Associations among daily stressors and salivary cortisol: Findings from the National Study of Daily Experiences

Robert S. Stawski, Kelly E. Cichy, Jennifer R. Piazza, David Almeida

Research output: Contribution to journalArticle

70 Citations (Scopus)

Abstract

While much research has focused on linking stressful experiences to emotional and biological reactions in laboratory settings, there is an emerging interest in extending these examinations to field studies of daily life. The current study examined day-to-day associations among naturally occurring daily stressors and salivary cortisol in a national sample of adults from the second wave of the National Study of Daily Experiences (NSDE). A sample of 1694 adults (age = 57, range = 33-84; 44% male) completed telephone interviews detailing their stressors and emotions on eight consecutive evenings. Participants also provided saliva samples upon waking, 30. min post-waking, before lunch and before bed, on four consecutive interview days resulting in 5995 days of interview/cortisol data. Analyses revealed three main findings. First, cortisol AUC was significantly higher on stressor days compared to stressor-free days, particularly for arguments and overloads at home, suggesting that daily stressors are associated with increased cortisol output, but that not all daily stressors have such an influence. Second, individuals reporting a greater frequency of stressor days also exhibited a steeper diurnal cortisol slope. Finally, daily stressor-cortisol associations were unaltered after adjustment for daily negative affect and physical symptoms. Our discussion focuses on the influence of naturally occurring daily stressors on daily cortisol and the role of daily diary approaches for studying healthy cortisol responses to psychosocial stressors outside of traditional laboratory settings.

Original languageEnglish (US)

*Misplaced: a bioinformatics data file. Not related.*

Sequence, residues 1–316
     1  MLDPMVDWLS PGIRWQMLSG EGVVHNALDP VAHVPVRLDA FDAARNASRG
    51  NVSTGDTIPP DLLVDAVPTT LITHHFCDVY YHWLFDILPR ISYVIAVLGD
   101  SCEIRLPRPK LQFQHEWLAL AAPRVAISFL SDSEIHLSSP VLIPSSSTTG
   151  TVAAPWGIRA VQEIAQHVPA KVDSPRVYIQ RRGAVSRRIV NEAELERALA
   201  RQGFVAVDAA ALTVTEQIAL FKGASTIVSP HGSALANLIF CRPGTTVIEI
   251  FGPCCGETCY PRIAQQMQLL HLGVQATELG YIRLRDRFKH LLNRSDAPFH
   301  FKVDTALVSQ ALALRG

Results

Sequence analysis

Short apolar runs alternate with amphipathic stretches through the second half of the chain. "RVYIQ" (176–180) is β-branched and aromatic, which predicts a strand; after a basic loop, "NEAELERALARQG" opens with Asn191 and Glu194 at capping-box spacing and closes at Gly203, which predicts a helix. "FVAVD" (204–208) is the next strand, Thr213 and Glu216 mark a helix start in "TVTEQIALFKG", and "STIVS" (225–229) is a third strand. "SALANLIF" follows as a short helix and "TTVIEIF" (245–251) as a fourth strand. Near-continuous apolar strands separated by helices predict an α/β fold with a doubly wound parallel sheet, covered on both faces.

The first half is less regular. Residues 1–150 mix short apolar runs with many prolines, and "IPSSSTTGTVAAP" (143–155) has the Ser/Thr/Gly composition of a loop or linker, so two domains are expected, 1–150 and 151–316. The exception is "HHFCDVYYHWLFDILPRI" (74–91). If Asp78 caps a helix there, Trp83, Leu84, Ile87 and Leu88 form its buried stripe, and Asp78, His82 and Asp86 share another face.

Pages (from-to)2654-2665
Number of pages12
JournalPsychoneuroendocrinology
Volume38
Issue number11
DOIs
StatePublished - Nov 1 2013

Fingerprint

Hydrocortisone
Interviews
Lunch
Saliva
Area Under Curve
Emotions
Research

All Science Journal Classification (ASJC) codes

  • Endocrinology, Diabetes and Metabolism
  • Endocrinology
  • Endocrine and Autonomic Systems
  • Psychiatry and Mental health
  • Biological Psychiatry

Cite this

Stawski, Robert S. ; Cichy, Kelly E. ; Piazza, Jennifer R. ; Almeida, David. / Associations among daily stressors and salivary cortisol : Findings from the National Study of Daily Experiences. In: Psychoneuroendocrinology. 2013 ; Vol. 38, No. 11. pp. 2654-2665.
@article{33d5bff17c994671b7845e589350c23d,
title = "Associations among daily stressors and salivary cortisol: Findings from the National Study of Daily Experiences",
abstract = "While much research has focused on linking stressful experiences to emotional and biological reactions in laboratory settings, there is an emerging interest in extending these examinations to field studies of daily life. The current study examined day-to-day associations among naturally occurring daily stressors and salivary cortisol in a national sample of adults from the second wave of the National Study of Daily Experiences (NSDE). A sample of 1694 adults (age = 57, range = 33-84; 44{\%} male) completed telephone interviews detailing their stressors and emotions on eight consecutive evenings. Participants also provided saliva samples upon waking, 30. min post-waking, before lunch and before bed, on four consecutive interview days resulting in 5995 days of interview/cortisol data. Analyses revealed three main findings. First, cortisol AUC was significantly higher on stressor days compared to stressor-free days, particularly for arguments and overloads at home, suggesting that daily stressors are associated with increased cortisol output, but that not all daily stressors have such an influence. Second, individuals reporting a greater frequency of stressor days also exhibited a steeper diurnal cortisol slope. Finally, daily stressor-cortisol associations were unaltered after adjustment for daily negative affect and physical symptoms. Our discussion focuses on the influence of naturally occurring daily stressors on daily cortisol and the role of daily diary approaches for studying healthy cortisol responses to psychosocial stressors outside of traditional laboratory settings.",
author = "Stawski, {Robert S.} and Cichy, {Kelly E.} and Piazza, {Jennifer R.} and David Almeida",